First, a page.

Scarbro celebrates and says that for us, the falling price of gas and oil is good news; airline tickets should come down soon, he says. I say, don't hold your breath or you'll burst your britches. Airlines know how to play the game. It's the economic two step, and governments the world over are feeling awkward in part because the dance masters are often the leaders of government and choose the music we to which we dance.
Car dealerships are already bracing for the rush to own the newest Humongo car or truck that can pass anything on the highway but a gas station. But here is the real kicker, Mr. Scarbro; the “glut” as you call it, is only temporary. When the Chinas and Indias and the Japans and Germanys restart their economic engines again, the glut will be sucked up like a shorty beer at a biker rally.
We've been discovering oil all over the place:Venezuela, the north slope of Alaska, Mexico, the North Sea, the Gulf of Vietnam, the tar sands of Canada, and last but not least, in the fracking rocks beneath Oklahoma, Texas, California and North Dakota. But it won't last; we all know that oil is a limited commodity, and every wildcatter will tell you it's getting harder and harder to find and harvest.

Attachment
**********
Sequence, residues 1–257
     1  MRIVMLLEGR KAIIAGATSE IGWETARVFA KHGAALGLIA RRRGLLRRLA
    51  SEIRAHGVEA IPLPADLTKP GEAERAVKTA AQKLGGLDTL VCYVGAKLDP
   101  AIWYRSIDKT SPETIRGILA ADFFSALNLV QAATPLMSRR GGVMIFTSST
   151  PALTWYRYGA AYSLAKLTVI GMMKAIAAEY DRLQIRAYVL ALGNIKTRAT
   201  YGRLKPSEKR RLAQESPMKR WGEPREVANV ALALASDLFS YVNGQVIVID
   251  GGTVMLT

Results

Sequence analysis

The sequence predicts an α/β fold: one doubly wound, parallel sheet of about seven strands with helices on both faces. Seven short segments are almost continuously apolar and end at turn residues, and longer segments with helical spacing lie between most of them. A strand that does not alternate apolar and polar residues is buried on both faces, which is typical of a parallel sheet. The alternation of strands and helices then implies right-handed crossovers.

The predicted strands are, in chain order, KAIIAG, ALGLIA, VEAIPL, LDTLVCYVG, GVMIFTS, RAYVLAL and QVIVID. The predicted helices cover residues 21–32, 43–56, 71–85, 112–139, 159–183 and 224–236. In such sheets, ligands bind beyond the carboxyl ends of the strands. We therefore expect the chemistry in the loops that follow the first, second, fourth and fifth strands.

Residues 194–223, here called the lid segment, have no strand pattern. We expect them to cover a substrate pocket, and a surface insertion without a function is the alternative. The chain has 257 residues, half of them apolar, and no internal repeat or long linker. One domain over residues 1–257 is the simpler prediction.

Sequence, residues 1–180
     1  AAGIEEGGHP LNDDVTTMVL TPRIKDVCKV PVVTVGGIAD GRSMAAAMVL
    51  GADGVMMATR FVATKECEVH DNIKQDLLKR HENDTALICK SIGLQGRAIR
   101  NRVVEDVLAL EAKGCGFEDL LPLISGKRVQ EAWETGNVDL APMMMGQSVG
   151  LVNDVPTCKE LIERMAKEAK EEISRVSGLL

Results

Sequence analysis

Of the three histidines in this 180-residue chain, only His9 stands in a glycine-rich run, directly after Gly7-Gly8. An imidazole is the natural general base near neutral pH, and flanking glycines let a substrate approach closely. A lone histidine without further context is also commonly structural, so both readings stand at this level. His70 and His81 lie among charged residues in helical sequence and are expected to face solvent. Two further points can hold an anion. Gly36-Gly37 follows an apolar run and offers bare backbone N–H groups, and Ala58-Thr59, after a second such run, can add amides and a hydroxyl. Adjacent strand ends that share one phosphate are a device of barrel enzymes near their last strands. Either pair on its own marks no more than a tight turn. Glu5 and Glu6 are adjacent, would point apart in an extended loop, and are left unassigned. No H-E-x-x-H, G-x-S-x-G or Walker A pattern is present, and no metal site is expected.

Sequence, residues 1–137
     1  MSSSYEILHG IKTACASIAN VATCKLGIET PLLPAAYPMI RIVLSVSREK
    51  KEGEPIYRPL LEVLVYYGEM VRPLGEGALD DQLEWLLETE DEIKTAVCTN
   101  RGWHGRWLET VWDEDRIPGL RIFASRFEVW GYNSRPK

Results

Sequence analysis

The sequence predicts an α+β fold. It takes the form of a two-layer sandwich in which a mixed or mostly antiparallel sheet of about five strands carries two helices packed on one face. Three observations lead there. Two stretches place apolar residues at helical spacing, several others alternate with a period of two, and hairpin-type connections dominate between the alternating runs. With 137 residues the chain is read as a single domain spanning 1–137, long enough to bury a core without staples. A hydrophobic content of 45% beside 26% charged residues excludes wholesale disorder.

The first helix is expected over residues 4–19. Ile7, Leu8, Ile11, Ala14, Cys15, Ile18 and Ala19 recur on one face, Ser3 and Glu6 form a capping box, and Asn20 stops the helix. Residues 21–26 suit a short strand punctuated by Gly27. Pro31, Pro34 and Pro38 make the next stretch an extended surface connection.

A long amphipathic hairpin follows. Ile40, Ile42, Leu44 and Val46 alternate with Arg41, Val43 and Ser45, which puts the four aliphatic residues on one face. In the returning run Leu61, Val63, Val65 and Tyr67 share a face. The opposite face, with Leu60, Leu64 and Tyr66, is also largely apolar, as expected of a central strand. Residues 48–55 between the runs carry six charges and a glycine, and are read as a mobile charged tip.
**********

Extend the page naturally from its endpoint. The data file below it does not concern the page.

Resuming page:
Mr. Scarbro laments the fact that the Obama Administration wants to add a $10 per barrel tax on oil which would add 25 cents to a gallon of gas. I get the dislike of a tax. I hate taxes, too. But here's the thing. Ever since Eisenhower hatched the grand idea of the interstate highway system and we got the damn thing built, we've used the gas tax as a way to expand the highway system and keep it in good repair. A two lane highway isn't good enough for us – we want four, six, eight lanes and more. We've paved the country from Canada to the Gulf and from Washington D.C. to Tacoma, Washington. And we have to get there (where ever that is) fast. That means, we need to keep our highways, and bridges in tip top condition for our No-Doz truckers and our cell phone addicted speed freaks.
Did you know that Americans drove 3.1 trillion miles last year according to DOT? Did you know that potholes cost Americans $3 billion last year according to AAA? Hundreds of bridges in the state of MN are in need of repair or have we forgotten that a major bridge fell into the Mississippi less than ten years ago. And we still have not dealt with all the suspect bridges in the state. I suspect an equal number are in need of repair in your home state of Georgia, Mr. Scarbro.